Marge comes home and tells Lisa about it. She agrees to keep this between them, making Marge feel a lot more comfortable knowing Lisa can be trusted due to their similar suspicions to Lanley and the monorail. Marge immediately drives to North Haverbrook, which Lanley mentioned was a previous purchaser of one of his monorails. She finds the town to be a desolate ghost town and nearly deserted. Marge asks around about the monorail and is met with hostility with the remaining few residents because no one is willing to talk about it. A woman working at a drive-in diner says there's no monorail in North Haverbrook and never was. She tells Marge she is wasting her time and tells her to leave. The woman rudely closes the doors, revealing that the diner is called "MONORAIL CAFE". However, Marge finds one resident who's willing to talk to her about the monorail. He introduces himself as Sebastian Cobb, a German scientist whom has been living in North Haverbrook for years. He explains that although he designed the monorails himself, Cobb was actually against his town purchasing the monorail because he suspected Lanley of foul play. His suspicion was confirmed when Cobb discovered that Lanley cut costs everywhere while building North Haverbrook's monorail, and that the entire thing is a scam. He then shows Marge the remnants of the town's monorail, which is now broken and in disrepair. Realizing she knows the truth about Lanley's true motives, Cobb agrees to assist Marge in preventing the monorail from taking off.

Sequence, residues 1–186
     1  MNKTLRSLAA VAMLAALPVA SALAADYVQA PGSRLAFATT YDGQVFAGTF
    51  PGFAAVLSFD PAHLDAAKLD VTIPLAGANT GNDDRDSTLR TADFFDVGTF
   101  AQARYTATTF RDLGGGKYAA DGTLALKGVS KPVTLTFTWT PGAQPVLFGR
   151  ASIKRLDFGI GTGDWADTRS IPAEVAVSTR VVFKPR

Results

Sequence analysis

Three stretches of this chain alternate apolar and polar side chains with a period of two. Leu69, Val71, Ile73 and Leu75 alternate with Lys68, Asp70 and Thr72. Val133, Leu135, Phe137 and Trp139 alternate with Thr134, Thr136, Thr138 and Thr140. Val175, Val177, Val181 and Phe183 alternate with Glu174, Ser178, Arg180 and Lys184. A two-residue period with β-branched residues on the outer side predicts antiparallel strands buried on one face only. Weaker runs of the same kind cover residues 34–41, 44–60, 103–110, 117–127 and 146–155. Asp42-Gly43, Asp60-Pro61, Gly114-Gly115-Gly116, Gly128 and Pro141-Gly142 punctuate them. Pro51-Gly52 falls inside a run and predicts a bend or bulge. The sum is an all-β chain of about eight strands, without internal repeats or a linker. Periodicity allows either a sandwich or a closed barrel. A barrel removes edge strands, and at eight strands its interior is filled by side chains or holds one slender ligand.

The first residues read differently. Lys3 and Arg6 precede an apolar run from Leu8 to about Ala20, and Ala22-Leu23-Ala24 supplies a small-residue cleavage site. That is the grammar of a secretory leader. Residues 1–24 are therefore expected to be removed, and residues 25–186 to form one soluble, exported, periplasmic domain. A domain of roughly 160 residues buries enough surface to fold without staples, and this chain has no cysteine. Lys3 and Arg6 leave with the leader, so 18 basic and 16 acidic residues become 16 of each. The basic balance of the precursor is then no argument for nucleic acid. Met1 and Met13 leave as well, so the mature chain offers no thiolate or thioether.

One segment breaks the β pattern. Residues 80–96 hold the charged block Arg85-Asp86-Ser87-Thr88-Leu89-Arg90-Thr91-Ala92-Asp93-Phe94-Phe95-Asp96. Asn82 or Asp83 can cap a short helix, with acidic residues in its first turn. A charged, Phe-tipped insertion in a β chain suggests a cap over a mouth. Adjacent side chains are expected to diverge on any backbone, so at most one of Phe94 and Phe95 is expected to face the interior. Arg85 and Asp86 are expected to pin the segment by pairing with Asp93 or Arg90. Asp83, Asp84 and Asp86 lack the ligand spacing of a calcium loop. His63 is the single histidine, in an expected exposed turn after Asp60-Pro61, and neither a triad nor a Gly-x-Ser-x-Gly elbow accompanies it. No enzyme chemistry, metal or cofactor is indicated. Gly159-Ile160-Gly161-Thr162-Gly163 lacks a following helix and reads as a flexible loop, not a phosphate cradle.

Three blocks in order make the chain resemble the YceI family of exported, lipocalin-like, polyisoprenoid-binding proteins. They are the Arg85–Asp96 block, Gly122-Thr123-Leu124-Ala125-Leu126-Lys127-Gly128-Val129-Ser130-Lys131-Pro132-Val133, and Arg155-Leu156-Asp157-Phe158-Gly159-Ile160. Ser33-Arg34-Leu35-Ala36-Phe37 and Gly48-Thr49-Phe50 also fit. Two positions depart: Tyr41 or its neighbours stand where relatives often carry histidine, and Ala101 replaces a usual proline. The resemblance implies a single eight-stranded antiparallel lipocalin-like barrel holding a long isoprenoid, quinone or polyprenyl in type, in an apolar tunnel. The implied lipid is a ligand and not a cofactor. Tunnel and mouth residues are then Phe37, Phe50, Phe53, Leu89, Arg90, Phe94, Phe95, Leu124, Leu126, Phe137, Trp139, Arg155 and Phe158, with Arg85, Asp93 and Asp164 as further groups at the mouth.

At the maiden voyage of the monorail, the entire town turns out, including celebrities such as Lurleen Lumpkin and Leonard Nimoy. Lisa refuses to step inside and tries to stop Lanley from leaving by convincing him to jump in the monorail. He refuses by grabbing his money and jumps in a taxi, which takes him to the airport. The monorail takes off just before Marge and Cobb arrive in Springfield, since Cobb needed to get in a quick haircut.